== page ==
Well, one more thing to be nostalgic about. The Amtrak dining car.
You remember the dining car, don’t you? Back in the day? It had white tablecloths. And waiters. And even dessert. And you always had the best view. The landscape of America just rolling by, one cow at a time.
What happened to the dining car, you ask? Why, the Amtrak chiefs just up and got rid of them in 2019. Said millennials didn’t want a fancy dining experience. Said they just wanted something nuked and ready to eat. Said they wanted to eat fast and get back to their social media. Can’t fret over a menu while you’re Instagramming cat videos.
The traditional dining car will be available on some overnight routes, however.
My daughter’s a millennial, but she’s not like that. She likes slow food. She even shops at farmers markets. I don’t think she’s an eat-and-run type.
As a matter of fact, a few years back, we took a cross-country train together. We ate in the dining car. She was in college. She was returning to Arizona for summer break. We shared a sleeper. Kind of pricey, to be sure. But it had one big perk. It covered all the meals in the dining car.
It was nice sharing a meal together. And having a chat. Almost like home. Well, not our home. We pretty much ate in front of the TV. We didn’t talk much, lest we interrupt the dialog on “The Simpsons.”
I also traveled on trains with Cindy, my wife. We went all over America, often as a family. And often in a sleeper. We looked forward to the dining car, especially at breakfast. Pancakes or eggs and coffee. I’d always get a refill, just to draw out the experience. Watching backyards slip by. Or maybe wide rivers. You take a long enough ride, you’re bound to cross the Mississippi. There are mountains to see, in New Mexico or Colorado.
The dining car did test your motor skills. What are motor skills? Well, it’s not car repair, otherwise I wouldn’t have any. I’m talking about being able to lift a fork to your mouth. Or a cup of coffee. On a train, it’s not always a piece of cake, though it could be. Trains sway this way and that. And so does your coffee cup when you pick it up. You learn to get into the rhythm, though. Manage cup to lip.
But trains don’t always run smoothly. (Or always on time, for that matter.) Sometimes the train would suddenly lurch, and coffee would fly. Fortunately, waitstaff always came prepared to mop up the mess. Wine was even messier.
The dining car required reservations. It was, after all, fine dining. Sleeper passengers got first dibs. Sometimes Cindy and I rode economy. We still treated ourselves to breakfast and dinner in the dining car.
I’ve learned the world is full of interesting people. It comes with the job. In the dining car, you often end up sitting right across from them. Cindy and I once had dinner with a state supreme court justice. I don’t remember the state she was from. It wasn’t Arizona. On another trip, I sat across from a state official who inspected highway bridges. Again, I don’t remember the state. But crumbling and outdated bridges were much in the news, so we had a lot to talk about.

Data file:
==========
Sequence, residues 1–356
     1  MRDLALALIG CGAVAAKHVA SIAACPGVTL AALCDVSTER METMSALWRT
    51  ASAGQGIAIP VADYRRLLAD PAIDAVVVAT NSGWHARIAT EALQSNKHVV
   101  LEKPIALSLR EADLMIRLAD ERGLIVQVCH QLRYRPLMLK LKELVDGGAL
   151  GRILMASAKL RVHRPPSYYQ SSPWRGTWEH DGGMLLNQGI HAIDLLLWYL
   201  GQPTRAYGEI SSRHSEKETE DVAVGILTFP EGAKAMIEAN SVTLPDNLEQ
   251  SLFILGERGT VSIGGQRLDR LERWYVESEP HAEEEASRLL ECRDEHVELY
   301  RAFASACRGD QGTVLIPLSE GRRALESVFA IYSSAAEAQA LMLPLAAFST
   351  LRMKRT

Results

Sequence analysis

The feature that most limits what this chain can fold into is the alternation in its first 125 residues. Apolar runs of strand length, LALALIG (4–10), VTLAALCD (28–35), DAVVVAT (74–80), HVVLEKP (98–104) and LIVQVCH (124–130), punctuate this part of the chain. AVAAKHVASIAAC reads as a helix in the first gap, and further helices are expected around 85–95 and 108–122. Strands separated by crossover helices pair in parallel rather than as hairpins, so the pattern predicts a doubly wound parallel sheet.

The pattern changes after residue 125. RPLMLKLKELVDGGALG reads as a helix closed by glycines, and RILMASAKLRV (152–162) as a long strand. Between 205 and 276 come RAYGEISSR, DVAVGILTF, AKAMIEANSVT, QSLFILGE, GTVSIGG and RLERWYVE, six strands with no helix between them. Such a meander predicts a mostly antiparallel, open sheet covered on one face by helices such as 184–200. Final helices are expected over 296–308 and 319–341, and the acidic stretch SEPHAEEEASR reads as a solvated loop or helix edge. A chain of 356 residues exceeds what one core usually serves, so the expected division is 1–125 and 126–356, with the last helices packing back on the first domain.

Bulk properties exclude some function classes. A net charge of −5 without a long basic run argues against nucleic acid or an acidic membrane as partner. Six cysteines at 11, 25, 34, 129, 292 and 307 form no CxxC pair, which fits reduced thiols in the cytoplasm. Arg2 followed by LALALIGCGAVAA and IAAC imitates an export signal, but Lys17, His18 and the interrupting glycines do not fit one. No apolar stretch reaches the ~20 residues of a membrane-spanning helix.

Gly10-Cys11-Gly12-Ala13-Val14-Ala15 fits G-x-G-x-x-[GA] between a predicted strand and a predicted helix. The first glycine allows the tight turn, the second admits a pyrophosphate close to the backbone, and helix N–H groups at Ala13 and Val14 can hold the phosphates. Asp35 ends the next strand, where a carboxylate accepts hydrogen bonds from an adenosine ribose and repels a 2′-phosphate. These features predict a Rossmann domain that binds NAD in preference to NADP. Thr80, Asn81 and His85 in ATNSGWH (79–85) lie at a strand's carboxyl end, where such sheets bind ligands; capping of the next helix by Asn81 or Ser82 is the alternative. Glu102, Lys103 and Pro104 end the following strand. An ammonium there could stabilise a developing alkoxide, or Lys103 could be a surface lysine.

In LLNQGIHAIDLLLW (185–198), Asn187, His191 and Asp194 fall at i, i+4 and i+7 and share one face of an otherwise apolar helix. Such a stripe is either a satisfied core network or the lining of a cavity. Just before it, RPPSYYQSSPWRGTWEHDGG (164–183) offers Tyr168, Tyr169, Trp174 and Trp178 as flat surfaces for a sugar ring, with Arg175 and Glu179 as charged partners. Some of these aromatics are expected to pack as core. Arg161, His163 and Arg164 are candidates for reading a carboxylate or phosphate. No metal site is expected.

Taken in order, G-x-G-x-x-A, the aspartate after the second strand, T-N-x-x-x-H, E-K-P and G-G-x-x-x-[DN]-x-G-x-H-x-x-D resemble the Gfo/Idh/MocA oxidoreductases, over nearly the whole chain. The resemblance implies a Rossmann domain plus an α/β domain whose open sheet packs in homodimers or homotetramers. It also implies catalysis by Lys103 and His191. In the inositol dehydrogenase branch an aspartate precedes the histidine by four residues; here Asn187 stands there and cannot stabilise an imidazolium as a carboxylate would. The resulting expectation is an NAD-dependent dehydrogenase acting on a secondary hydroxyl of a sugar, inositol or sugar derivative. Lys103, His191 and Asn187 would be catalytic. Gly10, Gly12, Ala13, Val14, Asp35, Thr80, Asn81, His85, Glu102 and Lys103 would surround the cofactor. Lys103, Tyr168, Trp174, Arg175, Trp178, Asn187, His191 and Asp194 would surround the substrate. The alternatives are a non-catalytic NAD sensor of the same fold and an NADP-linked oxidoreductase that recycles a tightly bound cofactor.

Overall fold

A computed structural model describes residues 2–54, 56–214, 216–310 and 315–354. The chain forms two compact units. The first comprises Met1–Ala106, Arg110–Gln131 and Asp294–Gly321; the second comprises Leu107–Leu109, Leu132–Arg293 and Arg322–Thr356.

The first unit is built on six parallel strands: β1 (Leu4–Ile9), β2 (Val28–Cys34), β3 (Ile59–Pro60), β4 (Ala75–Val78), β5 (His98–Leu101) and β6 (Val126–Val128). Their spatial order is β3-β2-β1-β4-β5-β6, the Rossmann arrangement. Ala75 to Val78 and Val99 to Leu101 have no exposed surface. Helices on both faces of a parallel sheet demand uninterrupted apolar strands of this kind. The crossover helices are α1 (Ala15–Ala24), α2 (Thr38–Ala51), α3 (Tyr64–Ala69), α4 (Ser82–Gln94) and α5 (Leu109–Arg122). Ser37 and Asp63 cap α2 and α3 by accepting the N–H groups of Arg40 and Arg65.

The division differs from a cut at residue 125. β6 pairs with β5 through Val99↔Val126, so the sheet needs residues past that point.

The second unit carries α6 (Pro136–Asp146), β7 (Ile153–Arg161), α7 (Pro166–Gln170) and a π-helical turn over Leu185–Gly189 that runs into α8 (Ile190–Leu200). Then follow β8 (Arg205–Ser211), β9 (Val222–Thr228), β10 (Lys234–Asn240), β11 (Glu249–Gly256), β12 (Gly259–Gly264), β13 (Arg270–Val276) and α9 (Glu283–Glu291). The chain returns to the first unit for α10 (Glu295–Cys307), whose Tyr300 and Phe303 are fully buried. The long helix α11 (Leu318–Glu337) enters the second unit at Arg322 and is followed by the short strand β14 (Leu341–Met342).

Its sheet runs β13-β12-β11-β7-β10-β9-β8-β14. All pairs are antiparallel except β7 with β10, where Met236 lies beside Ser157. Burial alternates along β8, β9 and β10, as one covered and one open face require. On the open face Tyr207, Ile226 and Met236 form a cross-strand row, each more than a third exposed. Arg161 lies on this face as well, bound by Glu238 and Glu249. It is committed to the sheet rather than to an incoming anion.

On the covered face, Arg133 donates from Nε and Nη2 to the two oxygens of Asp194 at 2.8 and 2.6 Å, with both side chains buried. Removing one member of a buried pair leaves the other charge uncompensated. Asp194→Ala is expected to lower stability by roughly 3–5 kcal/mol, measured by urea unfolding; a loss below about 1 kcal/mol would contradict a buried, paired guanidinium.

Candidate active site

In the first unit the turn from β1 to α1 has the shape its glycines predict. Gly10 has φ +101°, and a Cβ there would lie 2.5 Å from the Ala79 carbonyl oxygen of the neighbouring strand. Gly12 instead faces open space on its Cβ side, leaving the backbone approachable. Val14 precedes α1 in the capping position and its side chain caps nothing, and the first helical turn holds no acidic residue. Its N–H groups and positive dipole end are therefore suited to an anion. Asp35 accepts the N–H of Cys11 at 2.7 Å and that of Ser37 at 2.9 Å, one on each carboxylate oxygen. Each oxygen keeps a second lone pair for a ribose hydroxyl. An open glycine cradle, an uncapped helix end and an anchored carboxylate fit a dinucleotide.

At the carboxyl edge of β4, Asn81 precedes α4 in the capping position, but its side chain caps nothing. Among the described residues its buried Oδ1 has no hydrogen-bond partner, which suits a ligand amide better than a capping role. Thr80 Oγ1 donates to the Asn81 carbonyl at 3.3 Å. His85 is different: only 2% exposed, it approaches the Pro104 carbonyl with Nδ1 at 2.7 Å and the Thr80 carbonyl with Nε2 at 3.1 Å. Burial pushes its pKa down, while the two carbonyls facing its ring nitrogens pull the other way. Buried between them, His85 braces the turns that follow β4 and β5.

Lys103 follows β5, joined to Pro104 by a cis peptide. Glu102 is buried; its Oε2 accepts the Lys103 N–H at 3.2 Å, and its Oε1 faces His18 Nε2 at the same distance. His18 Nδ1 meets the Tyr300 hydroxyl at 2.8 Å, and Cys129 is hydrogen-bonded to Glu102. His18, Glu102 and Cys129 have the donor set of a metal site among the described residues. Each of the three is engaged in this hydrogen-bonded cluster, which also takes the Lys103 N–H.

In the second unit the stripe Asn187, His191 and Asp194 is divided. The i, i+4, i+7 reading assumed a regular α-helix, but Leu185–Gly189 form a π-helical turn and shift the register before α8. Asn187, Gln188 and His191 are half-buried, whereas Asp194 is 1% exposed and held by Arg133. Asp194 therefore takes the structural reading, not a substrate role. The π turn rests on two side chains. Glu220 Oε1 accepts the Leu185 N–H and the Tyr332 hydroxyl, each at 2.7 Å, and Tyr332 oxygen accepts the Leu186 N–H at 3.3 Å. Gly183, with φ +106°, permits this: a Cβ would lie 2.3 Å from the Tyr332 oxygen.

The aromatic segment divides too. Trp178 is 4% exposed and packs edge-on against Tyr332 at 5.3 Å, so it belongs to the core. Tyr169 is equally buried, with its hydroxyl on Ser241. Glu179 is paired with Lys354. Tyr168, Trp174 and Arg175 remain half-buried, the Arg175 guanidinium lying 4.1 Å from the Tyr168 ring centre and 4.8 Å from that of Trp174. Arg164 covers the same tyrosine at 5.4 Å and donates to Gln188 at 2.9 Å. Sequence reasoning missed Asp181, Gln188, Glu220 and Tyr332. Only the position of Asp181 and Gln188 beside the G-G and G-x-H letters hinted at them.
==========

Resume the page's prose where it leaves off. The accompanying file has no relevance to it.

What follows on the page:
Once, we met a well-heeled Republican couple. Nothing wrong with that. I suppose I’d be a Republican if I were well-heeled. They were returning to Albuquerque. They spoke about a commuter train that runs from Albuquerque to Santa Fe. They voted against the proposition that funded it.
Waste of money, they said, though they often took the train. It beat driving.
Interesting people can have different points of view.
I’m not sure what perks sleeper passengers will get now. Maybe the new microwaved meals, replacing the meals prepped by kitchen staff. Amtrak says they’ll be good. OK, if you say so. The dining car will become a drop-in whenever you want that kind of place. No reservations required. And no white tablecloths.
Right now, the only alternative is the snack car. It’s usually down below the observation car. You can get hot dogs and hamburgers. The cashier grabs them from the fridge, unwraps and nukes them. Chips and drinks are available.
I have nothing against the snack car. Beer is served. For me, it’s like a bar with a good view.
Someday I might be nostalgic for that, too. There are rumblings that Amtrak might just do away with long-distance routes altogether. Cost-cutting. I’d hate to see them go.
We’d be left with airlines, where passengers jostle for seating. They fight for a square foot of space in the overhead bin. They go by the law of the jungle.
I’m just going to shut my eyes now. I can see the green pastures of Iowa, gliding by to the clackity clack of the track.
Oops, there goes the coffee.